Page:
Rebound and debt decide the year's ups and downs
Some FTSE-listed companies were better prepared or simply better placed to benefit from what the stock markets threw at them. Nikhil Kumar reports
Monday 27 December 2010
It has been an eventful 12 months on the markets, with investors trying to get a handle on the recovery and fretting about Europe's sovereign debt issues. So, with just days to go until 2011, here is a list of the best and worst performing blue-chip stocks so far this year.
GOOD YEAR ...
Scotland-based Weir group is set to take the crown as the best-performing FTSE 100 stock of the year, vaulting by nearly 150 per cent as the world economy recovered from recession. The engineering group makes pumps and valves for the oil and gas, power and mining industries, and has benefited as its customers recovered over the past 12 months. Mining, for example, proved supportive as commodity prices rebounded and miners increased their capital expenditure, driving business for Weir. Similar factors boosted business in other segments, ensuring a stellar year for the Weir share price.
Gadget lovers are responsible for driving ARM's share price. The Cambridge-based chip maker has long been hailed for its technology, which drives mobile phones, both the simple and smart varieties, around the world. Though that might be considered lucrative enough, the ARM investment case received a further boost from the growth in tablet devices, the best known of which is Apple's iPad. ARM is widely believed to have supplied some of the underlying technology inside the iPad, and analysts have been busy crowing about the prospects for fat royalties as more and more people go from typing on keyboards to touching backlit screens. Bid chatter has provided an additional source of support, with Apple and Intel often being mentioned as potential predators. And last week, the stock was boosted by talk that Microsoft was working on a new version of Windows for the sort of devices powered by ARM chips.
Pull up one chart of Fresnillo's share price and another tracking the silver price. Superimpose one on the other and the reasons for the Mexican silver producer's rally suddenly become clear. The stock is heavily geared to the silver price, which breached the $30 an ounce mark at one point this year. The spike was down to a variety of factors. Precious metals in general regained their lustre as investors sought a hedge against the threat of inflation and mounting economic woes, while silver in particular also benefited from a pick-up in industrial demand. The metal comes in handy in manufacturing a variety of products, from batteries and ball bearings to water purifiers and photovoltaic cells.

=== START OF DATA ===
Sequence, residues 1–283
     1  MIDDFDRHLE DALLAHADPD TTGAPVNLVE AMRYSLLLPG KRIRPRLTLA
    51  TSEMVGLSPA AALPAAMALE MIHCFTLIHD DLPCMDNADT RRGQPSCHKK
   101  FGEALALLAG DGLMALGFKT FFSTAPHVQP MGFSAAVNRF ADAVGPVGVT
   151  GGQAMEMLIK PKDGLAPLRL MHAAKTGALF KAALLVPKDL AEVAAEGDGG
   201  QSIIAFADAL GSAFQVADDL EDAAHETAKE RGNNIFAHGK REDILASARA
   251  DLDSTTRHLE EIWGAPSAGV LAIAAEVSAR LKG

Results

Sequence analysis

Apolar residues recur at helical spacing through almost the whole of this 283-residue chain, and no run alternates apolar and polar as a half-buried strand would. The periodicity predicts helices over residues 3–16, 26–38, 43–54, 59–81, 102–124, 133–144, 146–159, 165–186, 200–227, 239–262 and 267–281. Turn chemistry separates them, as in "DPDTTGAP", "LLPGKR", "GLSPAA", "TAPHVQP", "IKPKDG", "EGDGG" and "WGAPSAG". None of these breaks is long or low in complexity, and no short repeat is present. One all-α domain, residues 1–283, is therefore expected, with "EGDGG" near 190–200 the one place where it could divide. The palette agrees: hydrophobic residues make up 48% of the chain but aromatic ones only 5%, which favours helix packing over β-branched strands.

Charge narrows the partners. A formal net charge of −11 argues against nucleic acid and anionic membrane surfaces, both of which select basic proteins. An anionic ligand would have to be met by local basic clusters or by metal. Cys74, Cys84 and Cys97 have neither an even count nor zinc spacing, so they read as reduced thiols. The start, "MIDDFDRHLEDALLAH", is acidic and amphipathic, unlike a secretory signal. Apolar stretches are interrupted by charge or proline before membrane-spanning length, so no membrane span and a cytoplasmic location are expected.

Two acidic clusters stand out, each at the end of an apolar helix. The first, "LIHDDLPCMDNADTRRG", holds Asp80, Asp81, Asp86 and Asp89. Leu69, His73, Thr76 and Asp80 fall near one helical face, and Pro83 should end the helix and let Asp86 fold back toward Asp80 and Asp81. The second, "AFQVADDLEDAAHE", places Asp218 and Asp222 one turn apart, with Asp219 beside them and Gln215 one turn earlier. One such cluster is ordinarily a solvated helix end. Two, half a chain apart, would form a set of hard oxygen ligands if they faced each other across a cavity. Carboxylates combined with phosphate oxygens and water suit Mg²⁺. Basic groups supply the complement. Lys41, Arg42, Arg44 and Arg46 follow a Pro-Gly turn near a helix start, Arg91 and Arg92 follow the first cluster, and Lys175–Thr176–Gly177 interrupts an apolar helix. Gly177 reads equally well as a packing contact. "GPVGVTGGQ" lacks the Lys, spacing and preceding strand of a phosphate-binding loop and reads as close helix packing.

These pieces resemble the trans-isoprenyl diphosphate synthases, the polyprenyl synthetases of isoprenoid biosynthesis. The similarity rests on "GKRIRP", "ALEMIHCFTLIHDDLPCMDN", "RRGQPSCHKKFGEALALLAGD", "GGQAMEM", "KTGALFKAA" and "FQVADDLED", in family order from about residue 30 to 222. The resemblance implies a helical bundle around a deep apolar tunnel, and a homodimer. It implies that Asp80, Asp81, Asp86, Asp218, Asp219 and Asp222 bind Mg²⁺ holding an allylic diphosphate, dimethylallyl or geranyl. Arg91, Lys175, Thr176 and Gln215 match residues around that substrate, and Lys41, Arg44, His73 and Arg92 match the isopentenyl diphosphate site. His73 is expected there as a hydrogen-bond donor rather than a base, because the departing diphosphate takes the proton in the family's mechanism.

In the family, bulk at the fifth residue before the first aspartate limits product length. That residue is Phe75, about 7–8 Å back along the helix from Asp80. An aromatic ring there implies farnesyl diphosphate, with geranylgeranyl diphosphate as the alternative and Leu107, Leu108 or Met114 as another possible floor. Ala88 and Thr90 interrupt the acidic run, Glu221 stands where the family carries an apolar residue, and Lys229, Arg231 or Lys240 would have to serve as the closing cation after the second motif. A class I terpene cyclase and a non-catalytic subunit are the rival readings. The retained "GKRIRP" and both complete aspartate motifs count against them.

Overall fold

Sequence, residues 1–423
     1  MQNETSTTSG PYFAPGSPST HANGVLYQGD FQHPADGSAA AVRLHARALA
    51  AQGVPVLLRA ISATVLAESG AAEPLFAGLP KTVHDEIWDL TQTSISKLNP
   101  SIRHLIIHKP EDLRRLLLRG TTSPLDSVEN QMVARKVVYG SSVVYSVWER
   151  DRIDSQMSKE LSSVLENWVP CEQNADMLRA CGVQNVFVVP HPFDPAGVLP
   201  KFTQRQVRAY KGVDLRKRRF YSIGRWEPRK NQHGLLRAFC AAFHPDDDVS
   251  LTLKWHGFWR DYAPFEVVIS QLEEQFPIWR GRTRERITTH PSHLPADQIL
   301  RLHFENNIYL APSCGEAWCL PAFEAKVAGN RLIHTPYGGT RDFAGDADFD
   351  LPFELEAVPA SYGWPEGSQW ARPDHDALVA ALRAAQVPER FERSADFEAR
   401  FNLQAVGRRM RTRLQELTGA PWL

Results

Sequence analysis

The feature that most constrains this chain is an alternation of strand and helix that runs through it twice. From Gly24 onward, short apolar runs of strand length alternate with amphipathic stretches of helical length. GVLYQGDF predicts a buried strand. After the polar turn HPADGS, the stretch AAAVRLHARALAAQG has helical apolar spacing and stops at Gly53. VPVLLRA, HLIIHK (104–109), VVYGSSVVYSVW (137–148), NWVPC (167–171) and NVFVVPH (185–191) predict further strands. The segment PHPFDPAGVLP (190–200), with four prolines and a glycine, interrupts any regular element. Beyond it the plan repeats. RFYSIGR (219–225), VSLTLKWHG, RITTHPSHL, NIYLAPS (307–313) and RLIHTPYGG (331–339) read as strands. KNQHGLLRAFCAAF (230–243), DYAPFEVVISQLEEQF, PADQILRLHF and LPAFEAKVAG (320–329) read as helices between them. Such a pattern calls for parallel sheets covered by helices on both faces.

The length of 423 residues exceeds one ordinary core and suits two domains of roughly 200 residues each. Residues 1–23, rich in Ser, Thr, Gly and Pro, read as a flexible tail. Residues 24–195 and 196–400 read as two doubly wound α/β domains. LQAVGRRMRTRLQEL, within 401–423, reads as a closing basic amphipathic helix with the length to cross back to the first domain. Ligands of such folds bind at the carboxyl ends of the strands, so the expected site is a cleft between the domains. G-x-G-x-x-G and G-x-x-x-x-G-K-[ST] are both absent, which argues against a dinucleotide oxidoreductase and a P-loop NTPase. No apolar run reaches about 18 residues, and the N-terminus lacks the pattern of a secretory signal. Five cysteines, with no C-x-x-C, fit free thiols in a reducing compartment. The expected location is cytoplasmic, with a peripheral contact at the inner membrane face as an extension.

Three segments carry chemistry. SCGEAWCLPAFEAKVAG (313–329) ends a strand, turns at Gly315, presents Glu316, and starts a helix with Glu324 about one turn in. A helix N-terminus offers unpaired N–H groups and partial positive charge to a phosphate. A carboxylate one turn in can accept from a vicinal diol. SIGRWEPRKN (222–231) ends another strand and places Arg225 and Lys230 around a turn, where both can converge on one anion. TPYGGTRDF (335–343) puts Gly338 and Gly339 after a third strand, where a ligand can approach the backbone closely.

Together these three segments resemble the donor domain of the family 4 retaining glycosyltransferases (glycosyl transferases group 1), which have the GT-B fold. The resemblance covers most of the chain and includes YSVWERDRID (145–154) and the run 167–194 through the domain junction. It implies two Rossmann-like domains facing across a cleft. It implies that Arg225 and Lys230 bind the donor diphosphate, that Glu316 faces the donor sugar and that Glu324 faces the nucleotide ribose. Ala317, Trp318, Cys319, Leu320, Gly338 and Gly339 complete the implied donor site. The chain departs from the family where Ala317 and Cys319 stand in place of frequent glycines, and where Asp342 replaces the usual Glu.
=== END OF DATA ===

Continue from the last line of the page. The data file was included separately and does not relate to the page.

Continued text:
The aircraft parts maker took off as the aviation market recovered, boosting demand in North America and Asia. The company's automotive division has also been doing well as car sales bounced back. Earlier this month, the stock enjoyed some healthy gains after the release of some new US vehicle sales data, which showed a 17 per cent jump in sales in November over the same month a year earlier.
Retailers spent much of the past year trying to regain their composure after enduring one of the worst slumps in living memory. But while the wider sector is slightly lower, Burberry stood out for excelling by reshaping its business and reinvigorating its brand. As Seymour Pierce said in a recent note to clients, Burberry, whose share price has more than tripled from its lows two years ago, is now "operationally unrecognisable" when compared with its pre-crisis state. Product sourcing has been overhauled, the number of distribution depots has been slashed from double to single digits, and new IT systems mean that management can better plan where to channel stock. The company has also been tightening its grip on the brand, for instance by terminating certain licensing deals and taking ranges back in house.
IMI has only just made it on to this list. Although the engineering group, which makes things such as valves and heating and air conditioning equipment, has long been destined to go down as one of the year's best performers, it only secured a blue-chip berth in the last index review. Like Weir and GKN, its rise is broadly down to the pick-up in industrial activity around the world. The company has also been securing future growth via well received deals such as the Zimmermann & Jansen buy in October and a Chinese nuclear joint venture earlier this month.